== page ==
Brexit House Prices - Where Next? Property Solvers [Updated March 2020]
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Brexit House Prices – Where Next?

Updated in line with the ongoing Coronavirus (COVID-19) crisis, combined with the effects of Brexit, we look at where house prices may be heading.

If you’re looking to minimise your risk and get the optimum outcome from the sale of your house over the course of 2020, read on…

Brexit House Prices – Where Next?

House Prices After Brexit

A Brexit House Price Crash?Who would have thought that many of us would be begging to talk about Brexit again?

The massive shock of coronavirus has completely flipped the previous content of this blog post on its head.

As discussed in our extensive guide to selling your house during the coronacrisis, we’re now faced with a bigger threat to the health of both the economy and property market since the 2007/08 recession.

Where Does Coronavirus Leave the Brexit Situation?

The government’s efforts are almost 100% on controlling the spread of COVID-19.

At the start of the year, we thought that the focus would be on getting the UK a good Brexit deal.  This would enable us to make a fairly educated guess as to where prices may be heading.

In such a short space of time, Coronavirus has almost completely overshadowed leaving the EU.

For the foreseeable, it is our belief that Brexit will continue to take a backseat.

We also think that the UK will be given an extension to resume discussions as to the terms of the departure once the crisis is over.

What Does This Mean for House Prices?

The truth is that nobody really knows…

Rightly so, people are currently not permitted to attend viewings and many estate agencies are closed.

As a result, the volume of activity will almost certainly drop which will certainly have an impact on house prices.

However, as estate agents ourselves, we’re seeing most buyers are proceeding with the sales agreed before the crisis and there is very little panic selling.

The general consensus is that this is nothing like the crash of 2007/08.  The banking system, worried as it may be at the current time, is a lot more stronger financially.

Of course, expecting for there not to be some kind of correction would be naive – but we would advise ignoring the ‘clickbaity’ headlines warning of a massive house price crash.

House Prices After The Brexit Referendum

Indeed, the current panic regarding house prices, to a certain degree, is somewhat similar to the lead up to the referendum vote.

You may remember before the referendum back in 2016, leading economists and even the Bank of England predicted that house prices would fall dramatically.

As the stock market crashed shortly after ‘leave’ won, there was talk of house prices heading on a long term trajectory downwards.

But, as shown in the graph below, all the major price indices showed a different story.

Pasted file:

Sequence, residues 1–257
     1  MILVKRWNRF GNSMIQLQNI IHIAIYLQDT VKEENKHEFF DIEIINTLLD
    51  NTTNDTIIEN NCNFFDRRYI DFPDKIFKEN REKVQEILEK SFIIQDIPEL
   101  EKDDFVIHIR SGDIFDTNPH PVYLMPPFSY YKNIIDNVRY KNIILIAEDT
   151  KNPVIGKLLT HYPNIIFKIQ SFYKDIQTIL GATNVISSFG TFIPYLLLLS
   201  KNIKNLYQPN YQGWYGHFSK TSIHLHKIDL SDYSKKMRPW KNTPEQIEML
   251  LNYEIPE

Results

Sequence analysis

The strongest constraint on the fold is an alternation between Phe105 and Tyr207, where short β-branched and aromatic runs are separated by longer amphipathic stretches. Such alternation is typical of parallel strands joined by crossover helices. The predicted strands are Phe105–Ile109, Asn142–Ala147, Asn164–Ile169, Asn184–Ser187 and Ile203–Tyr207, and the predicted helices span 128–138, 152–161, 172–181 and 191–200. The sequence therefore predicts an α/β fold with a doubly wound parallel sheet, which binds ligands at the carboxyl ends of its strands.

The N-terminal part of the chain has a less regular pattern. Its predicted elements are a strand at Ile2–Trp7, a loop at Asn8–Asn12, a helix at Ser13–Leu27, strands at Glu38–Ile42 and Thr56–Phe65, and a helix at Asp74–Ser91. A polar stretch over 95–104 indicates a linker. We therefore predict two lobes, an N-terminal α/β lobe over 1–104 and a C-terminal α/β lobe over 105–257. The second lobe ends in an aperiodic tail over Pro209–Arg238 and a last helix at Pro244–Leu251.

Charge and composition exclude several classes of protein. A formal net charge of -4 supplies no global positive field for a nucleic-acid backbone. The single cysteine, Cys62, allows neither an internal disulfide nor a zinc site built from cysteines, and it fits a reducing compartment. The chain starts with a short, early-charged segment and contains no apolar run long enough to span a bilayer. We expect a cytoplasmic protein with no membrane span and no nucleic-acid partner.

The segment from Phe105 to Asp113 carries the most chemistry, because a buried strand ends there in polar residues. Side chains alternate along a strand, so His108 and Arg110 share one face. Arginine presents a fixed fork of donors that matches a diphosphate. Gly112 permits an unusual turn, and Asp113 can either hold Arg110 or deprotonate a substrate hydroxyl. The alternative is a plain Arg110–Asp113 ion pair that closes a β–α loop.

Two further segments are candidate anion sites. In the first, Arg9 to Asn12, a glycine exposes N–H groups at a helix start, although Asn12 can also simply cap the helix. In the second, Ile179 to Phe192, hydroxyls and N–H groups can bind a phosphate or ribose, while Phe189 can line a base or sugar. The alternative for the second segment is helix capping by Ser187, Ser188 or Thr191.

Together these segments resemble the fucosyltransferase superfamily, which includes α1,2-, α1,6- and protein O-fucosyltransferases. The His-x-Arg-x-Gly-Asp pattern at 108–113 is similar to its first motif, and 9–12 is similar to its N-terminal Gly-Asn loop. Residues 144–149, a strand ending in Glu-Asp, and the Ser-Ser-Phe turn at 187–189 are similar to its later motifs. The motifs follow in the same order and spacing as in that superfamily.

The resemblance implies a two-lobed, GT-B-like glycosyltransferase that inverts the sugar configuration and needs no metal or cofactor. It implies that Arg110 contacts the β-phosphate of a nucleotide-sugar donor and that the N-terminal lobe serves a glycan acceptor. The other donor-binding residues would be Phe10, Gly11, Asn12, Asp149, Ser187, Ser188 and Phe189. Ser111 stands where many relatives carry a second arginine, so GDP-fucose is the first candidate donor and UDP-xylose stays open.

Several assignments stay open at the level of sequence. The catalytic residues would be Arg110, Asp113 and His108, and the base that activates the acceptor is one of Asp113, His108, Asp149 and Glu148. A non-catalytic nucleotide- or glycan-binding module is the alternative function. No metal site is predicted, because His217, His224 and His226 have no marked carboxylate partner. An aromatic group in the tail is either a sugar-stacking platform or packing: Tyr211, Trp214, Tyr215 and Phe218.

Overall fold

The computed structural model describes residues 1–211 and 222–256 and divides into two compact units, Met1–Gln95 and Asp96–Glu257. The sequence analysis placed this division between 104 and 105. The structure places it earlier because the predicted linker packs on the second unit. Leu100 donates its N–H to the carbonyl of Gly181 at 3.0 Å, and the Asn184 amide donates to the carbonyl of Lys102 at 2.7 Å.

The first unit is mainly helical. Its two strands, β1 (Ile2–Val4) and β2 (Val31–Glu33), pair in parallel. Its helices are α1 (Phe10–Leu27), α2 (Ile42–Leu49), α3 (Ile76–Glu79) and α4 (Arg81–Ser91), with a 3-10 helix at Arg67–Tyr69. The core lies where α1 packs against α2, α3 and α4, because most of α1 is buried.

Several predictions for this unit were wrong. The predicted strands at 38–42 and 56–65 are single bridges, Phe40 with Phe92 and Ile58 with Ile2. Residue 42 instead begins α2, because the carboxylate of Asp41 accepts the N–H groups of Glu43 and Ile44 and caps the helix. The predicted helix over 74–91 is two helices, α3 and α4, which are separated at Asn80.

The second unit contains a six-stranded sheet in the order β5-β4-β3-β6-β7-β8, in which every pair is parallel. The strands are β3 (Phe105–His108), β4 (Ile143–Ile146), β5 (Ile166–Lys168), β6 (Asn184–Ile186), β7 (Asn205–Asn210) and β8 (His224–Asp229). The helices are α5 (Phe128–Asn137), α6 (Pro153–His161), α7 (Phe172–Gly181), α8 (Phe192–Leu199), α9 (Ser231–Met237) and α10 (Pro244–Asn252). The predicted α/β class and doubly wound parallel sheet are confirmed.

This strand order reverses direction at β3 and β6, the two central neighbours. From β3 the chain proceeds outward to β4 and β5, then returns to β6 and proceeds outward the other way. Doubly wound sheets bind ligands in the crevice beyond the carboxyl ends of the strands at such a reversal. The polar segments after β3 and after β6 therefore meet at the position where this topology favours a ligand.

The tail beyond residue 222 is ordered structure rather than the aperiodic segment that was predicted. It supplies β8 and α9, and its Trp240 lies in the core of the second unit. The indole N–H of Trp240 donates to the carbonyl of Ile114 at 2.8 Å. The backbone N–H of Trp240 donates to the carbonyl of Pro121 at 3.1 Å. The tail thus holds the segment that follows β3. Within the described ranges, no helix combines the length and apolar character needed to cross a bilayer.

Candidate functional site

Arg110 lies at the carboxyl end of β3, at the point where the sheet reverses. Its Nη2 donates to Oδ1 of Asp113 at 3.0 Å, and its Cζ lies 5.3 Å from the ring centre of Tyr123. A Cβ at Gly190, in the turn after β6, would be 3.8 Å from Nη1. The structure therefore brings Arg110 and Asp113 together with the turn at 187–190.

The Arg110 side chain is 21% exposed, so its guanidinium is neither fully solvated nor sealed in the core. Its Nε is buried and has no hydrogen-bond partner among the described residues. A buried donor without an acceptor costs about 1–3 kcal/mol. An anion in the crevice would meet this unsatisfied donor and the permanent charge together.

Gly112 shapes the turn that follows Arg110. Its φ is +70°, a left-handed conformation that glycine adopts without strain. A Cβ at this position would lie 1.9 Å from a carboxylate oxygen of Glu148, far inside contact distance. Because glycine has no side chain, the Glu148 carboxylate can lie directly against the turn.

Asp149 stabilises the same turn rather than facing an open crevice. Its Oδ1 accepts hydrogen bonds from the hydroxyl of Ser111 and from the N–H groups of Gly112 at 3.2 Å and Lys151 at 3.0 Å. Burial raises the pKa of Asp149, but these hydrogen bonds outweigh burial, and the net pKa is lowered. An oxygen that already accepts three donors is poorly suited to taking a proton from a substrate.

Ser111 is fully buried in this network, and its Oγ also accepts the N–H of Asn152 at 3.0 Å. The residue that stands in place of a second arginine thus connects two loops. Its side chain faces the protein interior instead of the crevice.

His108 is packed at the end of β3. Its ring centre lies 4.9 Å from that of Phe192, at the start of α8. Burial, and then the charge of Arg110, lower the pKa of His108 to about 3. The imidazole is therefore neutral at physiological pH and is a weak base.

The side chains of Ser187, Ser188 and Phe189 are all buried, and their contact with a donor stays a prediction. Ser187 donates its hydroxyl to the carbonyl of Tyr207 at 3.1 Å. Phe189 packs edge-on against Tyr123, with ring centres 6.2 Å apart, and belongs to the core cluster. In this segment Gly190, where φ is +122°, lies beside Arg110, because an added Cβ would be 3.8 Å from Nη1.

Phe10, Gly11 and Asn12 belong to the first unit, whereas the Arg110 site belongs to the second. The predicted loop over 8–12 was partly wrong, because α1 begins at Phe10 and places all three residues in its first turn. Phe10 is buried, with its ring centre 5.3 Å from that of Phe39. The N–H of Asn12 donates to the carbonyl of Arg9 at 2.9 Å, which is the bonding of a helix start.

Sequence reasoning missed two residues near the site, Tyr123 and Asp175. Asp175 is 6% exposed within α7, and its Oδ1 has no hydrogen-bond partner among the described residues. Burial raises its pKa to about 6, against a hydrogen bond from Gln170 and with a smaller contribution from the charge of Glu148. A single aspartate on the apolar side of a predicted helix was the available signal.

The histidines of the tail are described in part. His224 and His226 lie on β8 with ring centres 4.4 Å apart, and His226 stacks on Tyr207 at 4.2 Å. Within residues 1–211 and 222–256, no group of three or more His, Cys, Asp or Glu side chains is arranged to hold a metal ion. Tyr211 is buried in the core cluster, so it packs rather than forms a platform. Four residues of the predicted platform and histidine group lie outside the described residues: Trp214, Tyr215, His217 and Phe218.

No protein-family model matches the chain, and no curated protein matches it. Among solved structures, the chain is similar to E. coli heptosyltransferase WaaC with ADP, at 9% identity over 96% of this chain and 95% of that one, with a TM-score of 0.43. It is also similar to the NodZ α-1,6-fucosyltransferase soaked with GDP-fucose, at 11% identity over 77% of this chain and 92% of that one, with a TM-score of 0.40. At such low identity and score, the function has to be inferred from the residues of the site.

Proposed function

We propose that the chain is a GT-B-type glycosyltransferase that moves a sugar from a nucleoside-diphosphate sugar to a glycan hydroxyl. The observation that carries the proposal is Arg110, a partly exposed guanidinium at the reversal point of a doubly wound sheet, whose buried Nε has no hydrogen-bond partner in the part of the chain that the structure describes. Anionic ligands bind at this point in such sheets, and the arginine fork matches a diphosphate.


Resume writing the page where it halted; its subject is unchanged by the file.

National House Prices since the EU Referendum (Updated May 2020)National House Prices since the EU Referendum (Updated May 2020)

Of course, the situation is very different here.  People are dying and there are some serious socio-economic risks at play.

However, what is certain is that the housing market is more resilient than many believe.

Post-referendum, transaction volumes dropped as people panicked.

This month, the government has dropped the Bank Base Rate to a record low of 0.01% to mitigate the economic risks of Coronavirus.

Interest Rates Hit New Lows After Coronavirus

Although these are yet to be passed to borrowers, mortgage rates from banks and building societies are still competitively priced.

It’s our belief that this unprecedented price drop will fuel house price growth once the Coronavirus crisis is over.

A Longer-Term View on Housing Supply in the UK

Secondly, there is a major undersupply of good quality housing coming on to the market.  This is a particularly serious issue in the south of the country.

With every year that passes where housebuilding targets are not met, average prices grow as there are not enough homes to go around.

Related to this, the complex planning system and rising building costs continue to drive down the number of new properties coming to market.

Thirdly, the government’s Help to Buy scheme has enabled over 450,000 first-time buyers to get on the housing ladder.

Although this initiative has been criticised for not assisting those most in need, it has certainly supported house price inflation across the country.

Of course, as positive as this all may sound, this certainly doesn’t mean that the property market will thrive.

Brexit Property Market Risks

Brexit Property Market Risks The property market is often influenced by what’s happening in the wider economy.